• In some states, including Arkansas, tenant law highly favors the property owners.  There is plenty of room for advocacy for those who rent substandard and unsafe properties.  From May 2010.


My pastoral efforts take me to some interesting places – jails, emergency rooms, treetops and, of course, homes. (And these are all places I would rather be than in my office, but that’s another story.)

I learn a lot about a family by visiting their home. How they live, decorate, and organize tells me something that a conversation in the sanctuary may not reveal. Pictures on the walls, in-home pets and the type of furniture in the living room tells me about their family, their love for animals and how they like to relax. I notice the magazines on the coffee table, how much a room is arranged around a TV set and if the exercise equipment is only used for hanging clothes. Yes, I can learn a lot about a family by visiting their home.

But sometimes I learn something else. Many families rent their homes. And I am surprised at what I see. I have seen tenants with children living with torn and rotten carpet. I have seen unsafe stairways and missing handrails. I have seen rented homes and apartments with leaking roofs. I have seen pest infestations, holes in the floor and broken appliances. I have seen people paying good money to live where doors do not close properly, yard debris remains from previous tenants and windows are broken.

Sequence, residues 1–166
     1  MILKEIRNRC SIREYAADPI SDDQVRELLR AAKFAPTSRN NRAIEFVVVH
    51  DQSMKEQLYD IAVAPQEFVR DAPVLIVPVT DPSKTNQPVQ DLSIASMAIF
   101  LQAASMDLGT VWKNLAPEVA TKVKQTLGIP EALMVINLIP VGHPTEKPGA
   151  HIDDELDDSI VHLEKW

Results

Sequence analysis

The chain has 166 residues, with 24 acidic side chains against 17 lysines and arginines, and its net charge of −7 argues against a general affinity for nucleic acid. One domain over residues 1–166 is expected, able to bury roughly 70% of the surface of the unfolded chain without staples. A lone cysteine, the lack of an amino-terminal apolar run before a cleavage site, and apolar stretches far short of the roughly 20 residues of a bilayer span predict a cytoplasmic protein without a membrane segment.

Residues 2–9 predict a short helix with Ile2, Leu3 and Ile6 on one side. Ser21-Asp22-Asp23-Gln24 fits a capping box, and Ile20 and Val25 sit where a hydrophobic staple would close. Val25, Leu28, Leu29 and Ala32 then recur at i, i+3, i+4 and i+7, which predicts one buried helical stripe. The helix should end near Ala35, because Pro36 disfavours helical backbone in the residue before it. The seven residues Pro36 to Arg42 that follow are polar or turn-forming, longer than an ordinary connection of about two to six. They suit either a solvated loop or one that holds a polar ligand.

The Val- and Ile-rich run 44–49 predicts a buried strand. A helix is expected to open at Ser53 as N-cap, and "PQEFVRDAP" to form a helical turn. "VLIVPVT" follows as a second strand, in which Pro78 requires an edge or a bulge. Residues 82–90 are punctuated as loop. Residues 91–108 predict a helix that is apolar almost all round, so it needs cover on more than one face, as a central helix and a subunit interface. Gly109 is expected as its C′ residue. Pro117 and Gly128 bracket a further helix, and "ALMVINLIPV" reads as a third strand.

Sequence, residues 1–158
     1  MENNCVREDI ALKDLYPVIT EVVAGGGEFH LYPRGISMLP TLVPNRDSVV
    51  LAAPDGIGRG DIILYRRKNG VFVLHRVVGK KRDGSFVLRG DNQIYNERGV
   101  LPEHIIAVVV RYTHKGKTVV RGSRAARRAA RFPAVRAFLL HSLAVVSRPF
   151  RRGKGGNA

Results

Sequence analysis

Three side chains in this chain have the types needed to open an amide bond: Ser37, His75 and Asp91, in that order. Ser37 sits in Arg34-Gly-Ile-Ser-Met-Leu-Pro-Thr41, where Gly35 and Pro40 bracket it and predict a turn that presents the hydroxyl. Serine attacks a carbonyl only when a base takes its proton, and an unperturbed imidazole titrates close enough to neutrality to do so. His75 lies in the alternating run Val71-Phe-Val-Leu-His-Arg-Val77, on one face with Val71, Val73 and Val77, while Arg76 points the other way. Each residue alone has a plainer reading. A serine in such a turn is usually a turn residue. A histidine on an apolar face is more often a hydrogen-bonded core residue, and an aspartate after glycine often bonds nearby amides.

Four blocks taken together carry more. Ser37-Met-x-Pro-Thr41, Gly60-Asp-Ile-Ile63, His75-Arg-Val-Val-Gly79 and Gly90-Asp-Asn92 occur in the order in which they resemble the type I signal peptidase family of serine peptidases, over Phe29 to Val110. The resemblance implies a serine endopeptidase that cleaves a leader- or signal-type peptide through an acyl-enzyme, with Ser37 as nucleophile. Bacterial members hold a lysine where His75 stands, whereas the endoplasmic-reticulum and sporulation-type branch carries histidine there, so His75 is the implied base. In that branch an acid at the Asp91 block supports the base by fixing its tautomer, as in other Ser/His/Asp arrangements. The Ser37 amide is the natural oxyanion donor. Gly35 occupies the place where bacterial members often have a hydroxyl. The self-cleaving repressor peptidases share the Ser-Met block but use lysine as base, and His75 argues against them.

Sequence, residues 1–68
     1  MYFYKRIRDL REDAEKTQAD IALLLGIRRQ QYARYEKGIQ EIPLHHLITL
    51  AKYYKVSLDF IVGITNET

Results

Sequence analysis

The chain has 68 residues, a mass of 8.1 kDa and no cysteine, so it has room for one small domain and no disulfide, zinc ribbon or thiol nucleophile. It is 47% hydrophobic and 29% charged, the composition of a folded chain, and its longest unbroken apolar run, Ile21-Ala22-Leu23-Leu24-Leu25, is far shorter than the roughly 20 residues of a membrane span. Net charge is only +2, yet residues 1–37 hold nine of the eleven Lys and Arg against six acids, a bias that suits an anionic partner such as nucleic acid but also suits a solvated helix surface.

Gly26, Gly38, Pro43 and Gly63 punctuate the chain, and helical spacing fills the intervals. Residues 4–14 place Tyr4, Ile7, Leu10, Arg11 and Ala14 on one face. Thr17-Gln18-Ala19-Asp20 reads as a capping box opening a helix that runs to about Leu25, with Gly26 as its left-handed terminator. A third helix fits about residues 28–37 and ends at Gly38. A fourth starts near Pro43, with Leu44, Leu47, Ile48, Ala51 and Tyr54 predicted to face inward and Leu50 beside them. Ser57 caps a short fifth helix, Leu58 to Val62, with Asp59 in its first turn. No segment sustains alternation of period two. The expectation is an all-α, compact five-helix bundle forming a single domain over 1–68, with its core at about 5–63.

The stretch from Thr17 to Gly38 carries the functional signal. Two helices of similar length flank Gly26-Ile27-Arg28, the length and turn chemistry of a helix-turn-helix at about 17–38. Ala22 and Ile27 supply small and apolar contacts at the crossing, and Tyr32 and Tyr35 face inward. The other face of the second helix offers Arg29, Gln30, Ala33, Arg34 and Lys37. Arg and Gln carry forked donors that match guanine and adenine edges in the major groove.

“Have you talked to your landlord about this?” I ask. They always answer that they have mentioned the problem to the landlord but the problem remains unaddressed. Unfortunately, Arkansas law highly favors the landlord and not the tenant. In most cases, when you rent a privately owned unit, you take it “as is” and the landlord is not obligated to do additional maintenance (government subsidized housing has different laws). Be sure to include any maintenance issues in your lease agreement!

If the property you are renting is unsafe and your landlord refuses to take action, you can contact your city building inspector to see if your landlord has violated housing codes.

So why am I talking about safe and livable rental property? Because many of the landlords in our area are church-going people who, when asked, would say they are Christians. But would a Christian rent a home or apartment to another person and ignore requests to make the property safer and more livable? Landlords, the law may support your decision to neglect your rental property, but would God? Though we may be tempted to “keep religion out of business,” the kingdom of heaven is bigger and more important than any of our daily endeavors. We are obligated to represent Christ in our relationships, recreation, driving…and even the business of renting residential property.

So tenants, you deserve a safe and comfortable place to live. And landlords, you need to rise above the law and provide your renters the dignity suitable for all God’s children.